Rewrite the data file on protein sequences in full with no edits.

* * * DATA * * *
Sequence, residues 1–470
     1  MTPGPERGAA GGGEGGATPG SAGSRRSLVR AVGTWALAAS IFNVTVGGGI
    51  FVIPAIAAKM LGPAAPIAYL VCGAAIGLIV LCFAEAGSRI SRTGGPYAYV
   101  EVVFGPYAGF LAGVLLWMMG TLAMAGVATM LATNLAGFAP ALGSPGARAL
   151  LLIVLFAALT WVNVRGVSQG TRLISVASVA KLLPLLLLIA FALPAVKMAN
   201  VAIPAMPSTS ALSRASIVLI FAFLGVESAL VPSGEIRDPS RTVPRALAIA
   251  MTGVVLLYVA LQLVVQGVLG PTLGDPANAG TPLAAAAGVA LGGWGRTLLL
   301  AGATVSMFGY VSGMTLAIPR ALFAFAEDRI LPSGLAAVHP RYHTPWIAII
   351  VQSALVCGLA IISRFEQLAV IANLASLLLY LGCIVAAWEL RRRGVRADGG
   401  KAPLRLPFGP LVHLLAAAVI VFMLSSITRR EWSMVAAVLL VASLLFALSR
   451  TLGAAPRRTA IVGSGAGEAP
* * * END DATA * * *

Sequence, residues 1–470
     1  MTPGPERGAA GGGEGGATPG SAGSRRSLVR AVGTWALAAS IFNVTVGGGI
    51  FVIPAIAAKM LGPAAPIAYL VCGAAIGLIV LCFAEAGSRI SRTGGPYAYV
   101  EVVFGPYAGF LAGVLLWMMG TLAMAGVATM LATNLAGFAP ALGSPGARAL
   151  LLIVLFAALT WVNVRGVSQG TRLISVASVA KLLPLLLLIA FALPAVKMAN
   201  VAIPAMPSTS ALSRASIVLI FAFLGVESAL VPSGEIRDPS RTVPRALAIA
   251  MTGVVLLYVA LQLVVQGVLG PTLGDPANAG TPLAAAAGVA LGGWGRTLLL
   301  AGATVSMFGY VSGMTLAIPR ALFAFAEDRI LPSGLAAVHP RYHTPWIAII
   351  VQSALVCGLA IISRFEQLAV IANLASLLLY LGCIVAAWEL RRRGVRADGG
   401  KAPLRLPFGP LVHLLAAAVI VFMLSSITRR EWSMVAAVLL VASLLFALSR
   451  TLGAAPRRTA IVGSGAGEAP